LettersLetter to the Editor from Richard and Maureen DeLorme About Hunting Being Unbiblical - 13 Jul 2008
Letters From All-Creatures.org and The Mary T. and Frank L. Hoffman Family Foundation

Letter to the Editor from Richard and Maureen DeLorme About Hunting Being Unbiblical - 13 Jul 2008

This is the first in a two-part response addressing the incompatibility of hunting with the Bible. Tina Lappe’s recent column, outlining her “interpretations” of Biblical scriptures to justify hunting are contextually inaccurate, outdated, and self-serving.

Let’s see what the Bible truly says about how God feels regarding killing animals rather than have hunters the ultimate arbiters of interpretation. First of all, animals were created prior to man, and God saw that “it was good” [Genesis 1:21-25]. Secondly, when God created animals, they were given a soul. The Hebrew word “nephesh”, is translated as “creature”, “life”, and “soul”; this word is used interchangeably as “soul-life” more than 130 times in scriptures referring to both mankind and animals.

“The earth is the Lord’s and the fullness thereof” [Psalm 24:1], and what He has created is for His pleasure, not ours. Colossians 1:16 states all things were created “by Him”, “through Him” and “for Him”. Revelation 4:11 states: “Thou art worthy, O Lord, to receive glory and honor and power: for Thou hast created all things and for Thy pleasure they are and were created.” God Himself declares in Psalm 50:10, “For every beast of the forest is Mine, and the cattle upon a thousand hills. I know all the fowls of the mountains and the wild beasts of the field are Mine.” Furthermore, Revelation 1:18 makes it clear that God will judge those who “destroy the earth”, indicating that the earth belongs to Him, and perversely abusing His creation will be judged.

God’s care for His creation is also clear. Psalm 145:16 states: “You open Your hand and satisfy the desire of every living thing”. Kindness to animals is declared in Proverbs 12:10: “A righteous man regards the life of his beast: but the tender mercies of the wicked are cruel”. God commands that the oxen treading the millstone be allowed to eat from the threshed grain; Jesus declared that His Father cares for the “birds of the air” and feeds them [Luke 12:6].

Ms. Lappe’s interpretation of “dominion” and “subduing” is completely erroneous. The mandate given to man to have “dominion” over the animals is accurately translated from the original Hebrew as “stewardship” or “care-taking”, not exercising despotic rule over them. Moreover, the interpretation of “authority” given humans over animals actually comes closest in original meaning to that of “service”, as in the example Jesus related in washing the disciples’ feet in John 13:3-5. In the eyes of God, the one who “rules” is the one who “serves”. The meaning of “stewardship” is the same as what an owner of a business would give an employee; the employee must care for the equipment at the business, but it belongs to the owner. History has shown how the perversion of this scripture by “Christians” has led to horrendous cruelty to animals, the decimation of entire species, and environmental devastation of this planet. This is to the utter shame of Christians, and has brought a well-deserved reproach to the gospel message. Unfortunately, Ms. Lappe’s repugnant attitude is all too prevalent today.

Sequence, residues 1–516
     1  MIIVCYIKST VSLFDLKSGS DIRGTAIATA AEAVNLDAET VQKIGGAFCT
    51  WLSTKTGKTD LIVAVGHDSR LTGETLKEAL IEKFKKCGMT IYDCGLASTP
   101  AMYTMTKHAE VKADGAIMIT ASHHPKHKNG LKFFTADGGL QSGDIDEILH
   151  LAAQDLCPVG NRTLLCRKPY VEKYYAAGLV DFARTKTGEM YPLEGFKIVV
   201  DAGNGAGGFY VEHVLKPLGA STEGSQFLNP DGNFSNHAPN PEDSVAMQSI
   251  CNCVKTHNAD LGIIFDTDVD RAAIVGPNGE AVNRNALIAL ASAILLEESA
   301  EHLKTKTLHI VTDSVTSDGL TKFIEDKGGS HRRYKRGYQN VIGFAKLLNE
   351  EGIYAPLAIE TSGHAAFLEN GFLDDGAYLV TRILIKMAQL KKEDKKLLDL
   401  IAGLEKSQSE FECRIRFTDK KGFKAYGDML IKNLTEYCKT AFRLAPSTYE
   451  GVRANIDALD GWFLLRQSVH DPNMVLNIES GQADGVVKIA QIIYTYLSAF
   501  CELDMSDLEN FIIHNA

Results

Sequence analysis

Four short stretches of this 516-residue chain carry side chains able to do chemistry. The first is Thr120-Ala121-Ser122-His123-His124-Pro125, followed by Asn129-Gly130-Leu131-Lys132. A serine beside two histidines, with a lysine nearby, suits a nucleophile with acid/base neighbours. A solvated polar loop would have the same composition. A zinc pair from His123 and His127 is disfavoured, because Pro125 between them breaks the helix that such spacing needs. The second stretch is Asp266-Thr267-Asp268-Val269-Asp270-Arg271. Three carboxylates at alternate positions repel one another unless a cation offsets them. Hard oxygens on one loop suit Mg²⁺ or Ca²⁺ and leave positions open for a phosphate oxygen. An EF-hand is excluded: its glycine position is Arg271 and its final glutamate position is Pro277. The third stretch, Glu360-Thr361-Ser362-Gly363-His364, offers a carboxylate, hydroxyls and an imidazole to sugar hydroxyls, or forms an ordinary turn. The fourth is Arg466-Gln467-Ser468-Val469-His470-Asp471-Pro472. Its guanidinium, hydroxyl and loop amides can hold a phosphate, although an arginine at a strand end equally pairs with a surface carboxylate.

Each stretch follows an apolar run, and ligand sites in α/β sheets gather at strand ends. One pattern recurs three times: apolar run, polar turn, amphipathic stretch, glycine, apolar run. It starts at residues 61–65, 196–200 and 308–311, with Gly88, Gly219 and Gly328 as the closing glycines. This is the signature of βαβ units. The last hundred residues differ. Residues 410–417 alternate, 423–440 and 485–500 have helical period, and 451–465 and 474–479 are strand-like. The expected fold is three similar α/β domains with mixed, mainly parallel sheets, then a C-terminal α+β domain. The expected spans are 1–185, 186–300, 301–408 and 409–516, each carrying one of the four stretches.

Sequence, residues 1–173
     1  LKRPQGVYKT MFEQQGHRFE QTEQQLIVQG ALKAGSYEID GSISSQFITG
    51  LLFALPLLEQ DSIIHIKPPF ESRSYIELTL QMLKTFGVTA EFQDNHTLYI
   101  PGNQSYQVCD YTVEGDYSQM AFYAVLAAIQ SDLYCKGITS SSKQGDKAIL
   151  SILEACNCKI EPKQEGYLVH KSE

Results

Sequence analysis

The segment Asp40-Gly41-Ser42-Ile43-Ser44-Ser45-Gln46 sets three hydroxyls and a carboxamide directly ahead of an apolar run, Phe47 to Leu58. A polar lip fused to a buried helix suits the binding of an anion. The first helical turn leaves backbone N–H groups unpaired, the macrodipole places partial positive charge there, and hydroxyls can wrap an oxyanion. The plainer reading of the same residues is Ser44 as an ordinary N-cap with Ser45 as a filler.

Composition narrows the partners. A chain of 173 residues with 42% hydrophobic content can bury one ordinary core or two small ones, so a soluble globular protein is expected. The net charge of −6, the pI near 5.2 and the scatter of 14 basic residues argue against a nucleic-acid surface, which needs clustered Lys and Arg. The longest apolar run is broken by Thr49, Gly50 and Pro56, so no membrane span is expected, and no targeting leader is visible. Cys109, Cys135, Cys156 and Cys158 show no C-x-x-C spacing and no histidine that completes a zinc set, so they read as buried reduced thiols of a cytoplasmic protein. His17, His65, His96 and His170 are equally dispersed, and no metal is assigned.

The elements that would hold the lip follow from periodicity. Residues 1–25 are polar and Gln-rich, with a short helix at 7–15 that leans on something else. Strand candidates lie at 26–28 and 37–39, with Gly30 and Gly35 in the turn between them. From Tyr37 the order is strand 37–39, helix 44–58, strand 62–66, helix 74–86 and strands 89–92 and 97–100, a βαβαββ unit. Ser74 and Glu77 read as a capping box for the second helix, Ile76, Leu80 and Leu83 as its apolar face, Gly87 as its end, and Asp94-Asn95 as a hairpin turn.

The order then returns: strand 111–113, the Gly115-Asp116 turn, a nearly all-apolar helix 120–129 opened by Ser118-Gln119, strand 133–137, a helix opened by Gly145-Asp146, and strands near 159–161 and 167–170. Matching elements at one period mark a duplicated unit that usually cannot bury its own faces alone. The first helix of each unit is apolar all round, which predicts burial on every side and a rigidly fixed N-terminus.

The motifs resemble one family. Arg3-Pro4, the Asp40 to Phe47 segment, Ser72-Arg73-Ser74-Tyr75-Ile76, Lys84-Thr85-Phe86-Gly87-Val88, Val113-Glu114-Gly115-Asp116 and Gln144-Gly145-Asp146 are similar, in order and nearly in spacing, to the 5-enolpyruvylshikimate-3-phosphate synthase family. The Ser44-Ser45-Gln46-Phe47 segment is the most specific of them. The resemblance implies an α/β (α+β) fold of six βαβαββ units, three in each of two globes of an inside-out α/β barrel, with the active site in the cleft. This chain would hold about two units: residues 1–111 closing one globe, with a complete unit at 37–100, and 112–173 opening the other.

Furthermore, and this is imperative in interpreting scripture, God has two wills in dealing with mankind: His absolute will and His permissive will. It is also essential to understand how His will is revealed dispensationally; that is, in what context of time and place did God say what He said. In His absolute will, God never intended for man to eat meat (Genesis 1:29), but only allowed man to kill animals for meat in His permissive will when mankind was already killing them in disobedience after the Fall. Just because God allows people to do something, doesn’t mean it is permissible in all situations at all times – or, most significantly, for all motives. It is well-known that the motive behind hunting is to kill animals for pleasure. In no way whatsoever is this Biblically sanctioned.

Tina Lappe’s use of the example of the Passover Lamb being killed and eaten as an endorsement of hunting is absurd. The Passover Lamb was a dispensational command for one purpose only: that of atonement for sin, and a foreshadowing of the future atonement of Christ as the Lamb of God. Again, in no way whatsoever, is the killing of the Passover Lamb an endorsement by God of hunting.

In our next column we will continue to address the Biblical basis for stewardship of God’s creation in opposition to hunting and hunters’ perversion of “dominion” to justify animal killing.

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